D-day looms for supermarket watchdog


Pressure is mounting on the Government to establish a supermarket ombudsman.

MPs, farmers’ unions, NGOs and business groups will come together tomorrow to put pressure on Government to back the Competition Commission’s recommendation for a supermarket snoop.

The event comes on the eve of a much anticipated announcement by Business Secretary Lord Mandelson’s. He has only a few days before he must respond to a Competition Commission referral which recommends the introduction of legislation to create an independent Grocery Sector Ombudsman. The major parties have been invited to give a statement at the meeting.

MPs from across all parties are increasing the pressure on the Government to implement the Commission’s recommendation for a supermarket watchdog and not give in to pressure from the big retailers to water down the proposed new regulations.

West Cornwall MP Andrew George, who chairs the Grocery Market Action Group, is a long standing campaigner for better protection for smaller suppliers to the larger supermarkets. This group which includes; Friends of the Earth; the National Farmers Union; the Campaign to Protect Rural England; Action Aid; Traidcraft and War on Want, supports the Competition Commission’s recommendations.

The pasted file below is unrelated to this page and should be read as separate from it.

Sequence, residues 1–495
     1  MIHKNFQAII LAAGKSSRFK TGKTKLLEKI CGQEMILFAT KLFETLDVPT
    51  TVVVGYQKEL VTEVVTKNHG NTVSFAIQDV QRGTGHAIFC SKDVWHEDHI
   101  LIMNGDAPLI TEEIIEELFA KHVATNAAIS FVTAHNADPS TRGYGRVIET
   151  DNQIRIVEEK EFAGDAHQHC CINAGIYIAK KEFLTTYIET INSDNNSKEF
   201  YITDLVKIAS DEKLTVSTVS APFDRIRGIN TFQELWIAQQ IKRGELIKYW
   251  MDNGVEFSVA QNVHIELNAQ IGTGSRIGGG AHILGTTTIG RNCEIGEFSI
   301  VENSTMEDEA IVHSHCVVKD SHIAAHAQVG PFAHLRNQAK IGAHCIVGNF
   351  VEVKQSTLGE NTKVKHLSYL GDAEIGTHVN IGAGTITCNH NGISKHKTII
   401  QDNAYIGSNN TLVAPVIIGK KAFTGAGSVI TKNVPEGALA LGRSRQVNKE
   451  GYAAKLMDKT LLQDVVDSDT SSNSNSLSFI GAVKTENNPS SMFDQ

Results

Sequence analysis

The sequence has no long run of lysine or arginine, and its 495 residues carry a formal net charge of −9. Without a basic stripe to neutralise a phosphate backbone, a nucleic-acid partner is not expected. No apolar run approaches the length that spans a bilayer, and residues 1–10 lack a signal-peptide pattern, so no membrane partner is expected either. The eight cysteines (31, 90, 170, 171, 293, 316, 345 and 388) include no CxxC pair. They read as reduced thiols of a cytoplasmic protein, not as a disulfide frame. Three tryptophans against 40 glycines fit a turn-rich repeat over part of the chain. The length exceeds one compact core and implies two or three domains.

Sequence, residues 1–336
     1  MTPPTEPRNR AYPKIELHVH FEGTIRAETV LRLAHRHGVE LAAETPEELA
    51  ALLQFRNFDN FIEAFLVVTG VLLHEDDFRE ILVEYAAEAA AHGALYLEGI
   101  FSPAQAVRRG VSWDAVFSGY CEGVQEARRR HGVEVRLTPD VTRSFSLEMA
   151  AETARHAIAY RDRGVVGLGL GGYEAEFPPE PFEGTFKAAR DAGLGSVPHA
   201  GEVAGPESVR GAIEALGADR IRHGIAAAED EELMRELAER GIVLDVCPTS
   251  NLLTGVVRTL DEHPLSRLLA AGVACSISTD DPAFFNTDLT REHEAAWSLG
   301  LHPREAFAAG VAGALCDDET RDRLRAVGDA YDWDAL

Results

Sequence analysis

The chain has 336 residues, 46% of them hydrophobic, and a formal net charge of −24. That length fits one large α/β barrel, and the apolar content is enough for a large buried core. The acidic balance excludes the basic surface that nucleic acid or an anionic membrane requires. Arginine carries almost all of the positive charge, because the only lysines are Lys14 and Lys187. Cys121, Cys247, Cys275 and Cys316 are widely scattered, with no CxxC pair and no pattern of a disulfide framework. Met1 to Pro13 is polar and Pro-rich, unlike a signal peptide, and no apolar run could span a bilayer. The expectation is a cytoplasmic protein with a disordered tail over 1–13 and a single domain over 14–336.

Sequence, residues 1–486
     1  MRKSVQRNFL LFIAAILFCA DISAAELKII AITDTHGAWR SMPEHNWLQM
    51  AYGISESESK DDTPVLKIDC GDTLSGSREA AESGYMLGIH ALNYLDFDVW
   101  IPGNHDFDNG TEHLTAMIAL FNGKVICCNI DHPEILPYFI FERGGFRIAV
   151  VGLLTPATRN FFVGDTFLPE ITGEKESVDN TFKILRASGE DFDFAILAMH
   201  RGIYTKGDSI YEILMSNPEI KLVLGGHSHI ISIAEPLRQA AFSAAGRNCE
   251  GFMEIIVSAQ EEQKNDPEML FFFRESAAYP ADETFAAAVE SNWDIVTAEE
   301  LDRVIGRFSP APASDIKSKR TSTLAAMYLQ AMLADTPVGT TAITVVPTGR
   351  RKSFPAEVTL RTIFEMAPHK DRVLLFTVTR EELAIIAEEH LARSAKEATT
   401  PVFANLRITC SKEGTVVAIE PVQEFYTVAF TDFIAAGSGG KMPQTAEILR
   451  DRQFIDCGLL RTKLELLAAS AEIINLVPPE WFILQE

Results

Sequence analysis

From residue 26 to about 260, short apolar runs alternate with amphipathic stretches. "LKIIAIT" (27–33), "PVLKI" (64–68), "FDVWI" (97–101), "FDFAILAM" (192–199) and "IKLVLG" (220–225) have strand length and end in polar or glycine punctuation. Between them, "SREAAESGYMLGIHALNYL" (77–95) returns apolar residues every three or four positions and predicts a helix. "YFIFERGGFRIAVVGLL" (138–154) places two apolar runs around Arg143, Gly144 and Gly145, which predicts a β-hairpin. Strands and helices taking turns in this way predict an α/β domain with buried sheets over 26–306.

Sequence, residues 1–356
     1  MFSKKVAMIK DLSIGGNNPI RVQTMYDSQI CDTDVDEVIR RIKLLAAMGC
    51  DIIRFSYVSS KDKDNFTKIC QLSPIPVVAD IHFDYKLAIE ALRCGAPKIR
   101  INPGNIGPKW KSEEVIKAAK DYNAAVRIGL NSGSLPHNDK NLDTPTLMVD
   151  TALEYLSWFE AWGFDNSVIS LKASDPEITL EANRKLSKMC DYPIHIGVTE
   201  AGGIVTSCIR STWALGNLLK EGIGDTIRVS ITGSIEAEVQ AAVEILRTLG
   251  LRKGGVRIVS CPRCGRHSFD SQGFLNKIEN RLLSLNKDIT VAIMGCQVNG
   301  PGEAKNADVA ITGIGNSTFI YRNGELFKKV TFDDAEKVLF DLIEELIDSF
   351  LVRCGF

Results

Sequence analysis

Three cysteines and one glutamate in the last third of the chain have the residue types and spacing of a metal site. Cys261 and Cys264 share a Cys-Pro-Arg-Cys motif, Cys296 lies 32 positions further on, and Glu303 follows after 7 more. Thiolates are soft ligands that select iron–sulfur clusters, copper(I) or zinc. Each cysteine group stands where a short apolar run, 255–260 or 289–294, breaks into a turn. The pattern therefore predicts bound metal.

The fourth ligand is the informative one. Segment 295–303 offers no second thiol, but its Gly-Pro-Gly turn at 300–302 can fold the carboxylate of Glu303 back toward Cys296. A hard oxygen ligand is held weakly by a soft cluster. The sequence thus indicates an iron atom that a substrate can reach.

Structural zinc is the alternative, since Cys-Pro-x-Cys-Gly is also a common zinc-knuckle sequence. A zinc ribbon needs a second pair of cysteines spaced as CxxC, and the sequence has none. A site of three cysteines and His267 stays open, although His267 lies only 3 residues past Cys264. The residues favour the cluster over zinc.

He and the group supported the proposal to establish a Grocery Market Ombudsman which was a key recommendation of the Competition Commission’s inquiry. The Commission also found that some of the UK’s major supermarkets use unacceptable trading practices which “transfer excessive risks and unexpected costs to their suppliers”.

Most UK supermarkets, including the ‘big 4’, are opposed to the establishment of an Ombudsman, claiming that more regulation could increase their costs and lead to higher prices for consumers during the recession.

George said: “We’ve had a decade of inquiries. They’ve all now led to the inescapable conclusion that the larger supermarkets have gone beyond the point of successfully using their market muscle. Successful use has become abuse of power and suppliers need a watchdog to ensure fair play.”